James Harden promises he won't be hesitant. Promises he won't be passive.
The last we saw of Harden on a basketball court, the Thunder guard was crumpled on the hardwood, the victim of Metta World Peace's vicious elbow in Los Angeles.
But Saturday night, Harden returns as the Thunder plays host to the Dallas Mavericks in the first round of the National Basketball Association playoffs.
The teams play at 8:30 p.m. at Chesapeake Energy Arena in a renewal of a rivalry that spiked with the Western Conference Finals last May. Dallas won that series and went on to capture the NBA championship.
But now the Thunder is favored, and Harden, averaging 16.8 points a game, is a major reason. That's why the concussion he suffered last Sunday was so precarious to the Thunder's title hopes.
“He means so much to us, means so much to the city,” said Thunder star Kevin Durant. “It's tough not to see him right next to me in the locker.”
But Harden practiced Friday and declared himself fit and ready to go against the Mavericks. Fit and ready to be aggressive.
“That's how I play,” Harden said. “Can't be nervous out there. Just go out there, get the ball, and attack, play hard. Can't worry about it, getting injured or anything.”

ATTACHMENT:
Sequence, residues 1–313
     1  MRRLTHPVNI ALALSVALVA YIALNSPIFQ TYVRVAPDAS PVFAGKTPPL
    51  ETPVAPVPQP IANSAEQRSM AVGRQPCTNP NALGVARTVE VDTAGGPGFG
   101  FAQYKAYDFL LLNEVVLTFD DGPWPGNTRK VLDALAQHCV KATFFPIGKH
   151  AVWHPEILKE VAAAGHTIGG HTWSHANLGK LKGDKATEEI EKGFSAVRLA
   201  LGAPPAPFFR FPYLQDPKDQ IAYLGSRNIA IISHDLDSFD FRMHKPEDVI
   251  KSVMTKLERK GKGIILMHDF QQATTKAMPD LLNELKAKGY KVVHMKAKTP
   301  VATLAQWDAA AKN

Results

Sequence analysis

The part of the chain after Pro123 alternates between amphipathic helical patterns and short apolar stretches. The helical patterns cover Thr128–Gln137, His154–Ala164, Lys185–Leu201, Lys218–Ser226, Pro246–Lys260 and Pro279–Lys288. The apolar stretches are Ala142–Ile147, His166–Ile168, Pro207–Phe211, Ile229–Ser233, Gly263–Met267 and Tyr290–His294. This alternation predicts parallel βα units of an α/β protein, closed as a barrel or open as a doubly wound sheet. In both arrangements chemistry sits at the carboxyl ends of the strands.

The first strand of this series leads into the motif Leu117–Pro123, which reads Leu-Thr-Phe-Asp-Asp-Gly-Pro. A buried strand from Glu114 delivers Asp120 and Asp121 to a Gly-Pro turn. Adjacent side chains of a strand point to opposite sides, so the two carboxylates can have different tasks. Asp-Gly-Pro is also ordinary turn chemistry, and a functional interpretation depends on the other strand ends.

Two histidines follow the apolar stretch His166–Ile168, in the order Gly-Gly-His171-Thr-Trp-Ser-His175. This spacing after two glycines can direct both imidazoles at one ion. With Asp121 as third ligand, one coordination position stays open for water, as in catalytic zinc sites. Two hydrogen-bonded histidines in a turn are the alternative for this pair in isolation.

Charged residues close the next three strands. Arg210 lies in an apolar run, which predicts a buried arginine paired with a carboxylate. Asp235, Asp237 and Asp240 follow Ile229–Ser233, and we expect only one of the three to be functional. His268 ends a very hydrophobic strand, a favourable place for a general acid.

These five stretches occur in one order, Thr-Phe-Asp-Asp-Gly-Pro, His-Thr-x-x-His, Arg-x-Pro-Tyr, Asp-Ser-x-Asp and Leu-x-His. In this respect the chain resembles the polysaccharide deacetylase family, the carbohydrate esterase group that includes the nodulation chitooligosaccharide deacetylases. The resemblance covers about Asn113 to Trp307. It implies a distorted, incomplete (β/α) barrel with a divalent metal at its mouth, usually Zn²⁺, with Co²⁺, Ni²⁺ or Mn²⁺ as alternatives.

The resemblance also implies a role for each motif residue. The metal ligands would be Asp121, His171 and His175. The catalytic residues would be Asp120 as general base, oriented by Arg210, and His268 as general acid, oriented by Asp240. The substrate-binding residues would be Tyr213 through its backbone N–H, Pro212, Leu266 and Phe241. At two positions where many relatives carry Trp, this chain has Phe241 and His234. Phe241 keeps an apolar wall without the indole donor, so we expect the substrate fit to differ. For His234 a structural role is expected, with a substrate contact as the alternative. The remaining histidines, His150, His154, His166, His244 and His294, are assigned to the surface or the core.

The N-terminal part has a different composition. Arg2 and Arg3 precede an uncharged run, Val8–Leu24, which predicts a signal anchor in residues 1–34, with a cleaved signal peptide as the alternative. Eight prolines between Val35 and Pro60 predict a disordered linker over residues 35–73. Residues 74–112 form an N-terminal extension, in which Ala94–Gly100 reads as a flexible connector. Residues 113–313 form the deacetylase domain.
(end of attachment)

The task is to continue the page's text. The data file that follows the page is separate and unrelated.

Of course, it's not like Harden was injured within the flow of the game. World Peace's elbow came when the players brushed against each other a couple of seconds after a World Peace dunk.
“He's fine,” said Thunder coach Scott Brooks. “It would be different if you go to the basket, one of his monster dunks, and he gets clipped and falls on his head. That might be a little different the next time he goes to the basket.”
Nope, said Harden. Not even that would change his aggression.
“Even if it was an injury in the flow of the game, that's still not going to stop me from attacking and making plays and being aggressive out there,” Harden said.
Aggression is Harden's style. He's been a solid 3-point shooter this season (39 percent), but Harden's primary production comes from his constant drives to the basket.
“He's an old-school type of player,” Durant said. “He gets going, he can find a way to get to the rim, get to the (foul) line. I'm sure he's just ready to play.
“James is a strong person. He's a positive person. He doesn't let anything like that bring him down.”
Harden has blossomed into a star in his third NBA season. He's the leading contender for the league's Sixth Man of the Year Award.
“He's a tough individual,” Brooks said. “He's a competitive player. He'll be fine. (Friday) helped. Just seeing him practice. It's good to have him back. We missed him.”